The socks are a tiny bit big in the toe and length of the foot but Girlie is only 5 so I figure that she will grow and even if she doesn't do soccer after this session, she'll have some interesting socks. 'Course I'll never admit I made them.
BTW I was smarter with Boyo's shin guards. His are built into the socks. How cool it that!!

Sunday, January 4, 2009

Learning to Read

To a homeschooler, or to a parent for that matter, not much is as important to a kid's education as learning to read. After teaching Boyo to read (there were days I thought he'd never get it) I find that he reads pretty comfortably at a 3rd grade level. Not bad considering that he is 7.

With Boyo we did the systematic phonics approach. First the -at words (cat, bat, hat) then the -ag words (bag, tag, lag) and so on. Then we introduced some sight words (and, the, said). Then with the help of MCP phonics and Leapfrog videos, he made it. He is reading. After a while he even found a set of books that he really likes.

With Girlie the challenge has been different. Even though I started them at the same age, Girlie just wasn't getting phonics. So we stopped and I let her grow thinking that it was because she is more immature than her brother. Then this past September I tried again. She memorized the sight words with no problem, but even though she has known all her letters and letter sounds since she was 2, she just couldn't blend them to make words. Plus even when she got the pattern for the words (ie. all the -at words; cat, hat, fat) because of her speech she couldn't say the words differently enough that I wasn't sure that she wasn't just saying the same words over and over.

So we stopped again. We gave up on phonics. I thought since the public school system, in their infinite glory, did away with phonics in the early '80's, and since I was just one of an entire generation who learned to read without phonics, there had to be something out there that teaches whole language and not phonics as the basis of their reading program.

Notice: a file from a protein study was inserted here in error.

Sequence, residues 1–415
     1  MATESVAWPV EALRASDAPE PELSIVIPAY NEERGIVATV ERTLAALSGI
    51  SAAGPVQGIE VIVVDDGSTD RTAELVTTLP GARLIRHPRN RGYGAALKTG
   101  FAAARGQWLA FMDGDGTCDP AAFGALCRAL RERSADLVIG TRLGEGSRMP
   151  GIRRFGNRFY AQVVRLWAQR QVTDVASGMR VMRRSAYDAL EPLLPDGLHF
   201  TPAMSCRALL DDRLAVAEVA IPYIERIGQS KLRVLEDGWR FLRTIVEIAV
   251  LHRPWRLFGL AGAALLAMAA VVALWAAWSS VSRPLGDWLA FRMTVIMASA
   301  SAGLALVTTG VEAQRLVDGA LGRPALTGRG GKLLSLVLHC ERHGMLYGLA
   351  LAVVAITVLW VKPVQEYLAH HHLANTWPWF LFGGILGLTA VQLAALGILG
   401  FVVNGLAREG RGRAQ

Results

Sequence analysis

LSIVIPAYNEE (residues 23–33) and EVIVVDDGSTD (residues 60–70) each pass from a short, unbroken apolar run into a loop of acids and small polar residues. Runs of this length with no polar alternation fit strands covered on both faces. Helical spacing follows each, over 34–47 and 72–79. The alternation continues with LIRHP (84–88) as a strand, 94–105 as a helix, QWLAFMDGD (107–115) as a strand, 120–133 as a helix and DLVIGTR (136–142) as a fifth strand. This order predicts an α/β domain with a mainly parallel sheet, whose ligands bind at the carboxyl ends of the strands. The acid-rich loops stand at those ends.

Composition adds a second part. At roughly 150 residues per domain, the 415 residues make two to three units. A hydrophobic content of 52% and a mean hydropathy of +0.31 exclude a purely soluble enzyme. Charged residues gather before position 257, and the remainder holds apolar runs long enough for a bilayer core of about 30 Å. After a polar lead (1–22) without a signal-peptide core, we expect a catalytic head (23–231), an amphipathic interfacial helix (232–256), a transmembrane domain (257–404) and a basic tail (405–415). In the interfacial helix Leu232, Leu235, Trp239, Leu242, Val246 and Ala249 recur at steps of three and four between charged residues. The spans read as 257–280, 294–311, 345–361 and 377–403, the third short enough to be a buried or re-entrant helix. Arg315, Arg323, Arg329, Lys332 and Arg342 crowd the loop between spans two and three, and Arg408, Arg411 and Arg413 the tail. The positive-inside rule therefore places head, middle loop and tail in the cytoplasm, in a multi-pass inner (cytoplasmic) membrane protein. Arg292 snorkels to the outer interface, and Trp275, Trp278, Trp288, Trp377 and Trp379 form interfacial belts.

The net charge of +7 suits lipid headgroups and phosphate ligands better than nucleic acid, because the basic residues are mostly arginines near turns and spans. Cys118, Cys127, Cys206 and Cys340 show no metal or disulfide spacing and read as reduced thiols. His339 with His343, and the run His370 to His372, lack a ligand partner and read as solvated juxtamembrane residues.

Well there is and there isn't. There is nothing I found for a homeschooler that doesn't use phonics as its basis other than just reading with your kid. Pointing out the words. Letting your kid guess the next word in the story. So that is what we did.

Then once Girlie had about 30 words that she just memorized, I found these wonderful readers.

Progressive Phonics has these readers that you download and print off. The first few of each set are FREE!!! But it gets even better! (sound like an infomercial) These are short rhyming stories that are each about a page long. The kid reads the big RED word and the parent reads all the other words. Well, that is the way they are suppose to be used, we adapted it a bit.

When Girlie reads a page, we highlight all the words on the page that she knows. It doesn't matter if they are red words or not. If she knows the word we highlight it. Then we read the page. It is sometimes surprising to her when she realizes that every word on the page is highlighted. We try to read a new page plus an old page every day. When we finish a book I see if she can read the entire book (the highlighted words) and I pay her $1.

Yes we bribe our kids. I figure their job if to learn and I get paid at my job so they should get bonus if they do really well at their job.

We have only used the Progressive Phonics since November but she is picking up reading so much faster than before. We added in MCP phonics and while it seems too easy (should have gotten B instead of A) I think it is a good review and might even be helping with her speech a bit since it forces her to sound out the words.

Saturday, January 3, 2009

So the first day with my new 2009 to-do list and I already got one thing knocked off the list. (insert happy dance here!)

6. Repaint the living room or at least touch up the spots that need a second coat ( I colored it because I can't figure out the how to make it a strike through)

Yes the room is a mess and yes that is Boyo doing Girlie's makeup. At least they are watching the Discovery Channel. But I digress...

Once the paint is dry I need to get out the trusty stud finder (so many jokes come to mind) and figure out how to hang the DVD cabinet. I am feeling empowered so I won't go wake hubby.

Friday, January 2, 2009

2009 To Do List